LOS ANGELES — Jessica Chastain doesn’t even feel comfortable saying her character’s name.
The Oscar-nominated actress quickly attempts to course correct when she realizes she’s speaking liberally about Murph, the astrophysicist she’s portraying in “Interstellar,” one of the most closely guarded and anticipated films of 2014.
“I’m just so terrified,” she says sheepishly during a recent interview to promote the film, which opens next week. “It’s obvious, right?”
While only a 7-year age difference separates Chastain from Matthew McConaughey in the real world, the theory of relativity finds them as a disconnected father and daughter in Christopher Nolan’s sweeping space-time saga about a last-ditch effort to find humans a new home in another galaxy.
The film takes place in the near future after Earth has been ravaged by a blight that’s left many food sources extinct. McConaughey’s widowed pilot-turned-farmer Cooper is tasked with leaving behind his young son and daughter (played by Timothee Chalamet and Mackenzie Foy) for a space mission through a wormhole to planets that might be fit for humanity.
“If you’re a parent or even if you just have a parent, everyone has these moments, from lesser to extreme levels,” said McConaughey. “It happens all the time, whether you’re dropping your kids off at school or going on a vacation. This is the most extreme nature of that. This is a father going off for a long time. There’s no guaranteed return ticket.”
It would be spoilery – and cerebrally taxing – to explain just how and why the 44-year-old “Dallas Buyers Club” actor and the 37-year-old “Zero Dark Thirty” actress simultaneously end up as father and daughter in the film. Yet it can be said the complexity of it all had Chastain feeling isolated from the cast and crew during production.
“I didn’t realize it at the time,” said Chastain. “As an actor, you create an environment where you do your work. I was isolating myself, but it wasn’t until we were traveling and having discussions recently with Chris (Nolan) and everyone else that I recognized, `Wait. This never happened on set.’ I think now that it was probably intentional on Chris’ part.”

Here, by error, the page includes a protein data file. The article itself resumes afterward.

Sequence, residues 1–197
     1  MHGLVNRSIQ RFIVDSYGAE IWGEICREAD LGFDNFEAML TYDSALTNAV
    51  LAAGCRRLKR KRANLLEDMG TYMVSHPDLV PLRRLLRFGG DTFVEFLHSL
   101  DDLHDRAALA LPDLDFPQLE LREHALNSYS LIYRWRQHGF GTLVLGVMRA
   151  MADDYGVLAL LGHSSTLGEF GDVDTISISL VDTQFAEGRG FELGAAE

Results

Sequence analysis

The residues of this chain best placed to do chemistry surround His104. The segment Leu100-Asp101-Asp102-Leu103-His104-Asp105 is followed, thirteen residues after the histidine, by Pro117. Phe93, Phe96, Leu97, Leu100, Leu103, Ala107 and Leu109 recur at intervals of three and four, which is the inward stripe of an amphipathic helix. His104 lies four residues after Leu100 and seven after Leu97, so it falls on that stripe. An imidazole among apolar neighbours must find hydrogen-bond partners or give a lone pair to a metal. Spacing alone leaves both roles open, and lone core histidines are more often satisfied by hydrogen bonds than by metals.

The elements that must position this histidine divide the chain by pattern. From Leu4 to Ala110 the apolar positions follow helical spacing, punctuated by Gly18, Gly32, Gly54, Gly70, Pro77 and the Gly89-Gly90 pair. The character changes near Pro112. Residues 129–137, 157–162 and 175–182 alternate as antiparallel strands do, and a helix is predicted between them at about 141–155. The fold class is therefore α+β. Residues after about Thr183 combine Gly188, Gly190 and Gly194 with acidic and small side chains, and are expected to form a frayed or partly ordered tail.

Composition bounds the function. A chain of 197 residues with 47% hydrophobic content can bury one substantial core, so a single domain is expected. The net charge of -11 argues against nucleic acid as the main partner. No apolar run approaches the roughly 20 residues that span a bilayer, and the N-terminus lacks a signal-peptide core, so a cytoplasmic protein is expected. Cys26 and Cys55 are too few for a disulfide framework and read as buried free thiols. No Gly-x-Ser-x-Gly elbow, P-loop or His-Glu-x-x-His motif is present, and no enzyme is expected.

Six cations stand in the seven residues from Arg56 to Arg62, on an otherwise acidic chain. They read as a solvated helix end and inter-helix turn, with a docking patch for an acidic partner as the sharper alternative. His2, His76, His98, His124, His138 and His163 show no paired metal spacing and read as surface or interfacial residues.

Murph was initially envisioned as a boy in the original script by Jonathan Nolan, the filmmaker’s brother, when director Steven Spielberg was first orbiting the project. It wasn’t until Christopher Nolan took control of “Interstellar” as cowriter and director that Murph morphed into a girl and the top-secret film was nicknamed “Flora’s Letter,” a reference to the director’s daughter.
“By changing the sex, it made it more complex,” said Chastain. “We’ve seen many Hollywood stories about a son becoming a man with his father’s help. That’s almost every journey in cinema. It’s rare we see the dynamic between a father and a daughter. If you’re supposed to be protected, and you’re left behind, what kind of relationship does that create?”
Despite stretches of space separating their characters, both actors needed to wrap their heads around difficult subjects like physics and cosmology: Cooper is a tinkering MacGyver-like engineer, and Murph grows up to become the NASA protege of the same professor (portrayed by Michael Caine) who convinced her father to get lost in space. (Casey Affleck plays the adult rendition of Cooper’s son.)
“When I watch the film now, I still don’t understand everything in it, but the main part of this film isn’t about science,” said Chastain. “It’s about love. You have to feel it. If you go into the movie – even though the scope is large with space travel – at its core, it’s a story about a father and a daughter. If you let it wash over you, that is enough.”
The estimated $165 million production opens in U.S. IMAX theaters on Wednesday and goes wide next Friday. Industry tracking research indicates the film could earn more than $55 million domestically on its first weekend out.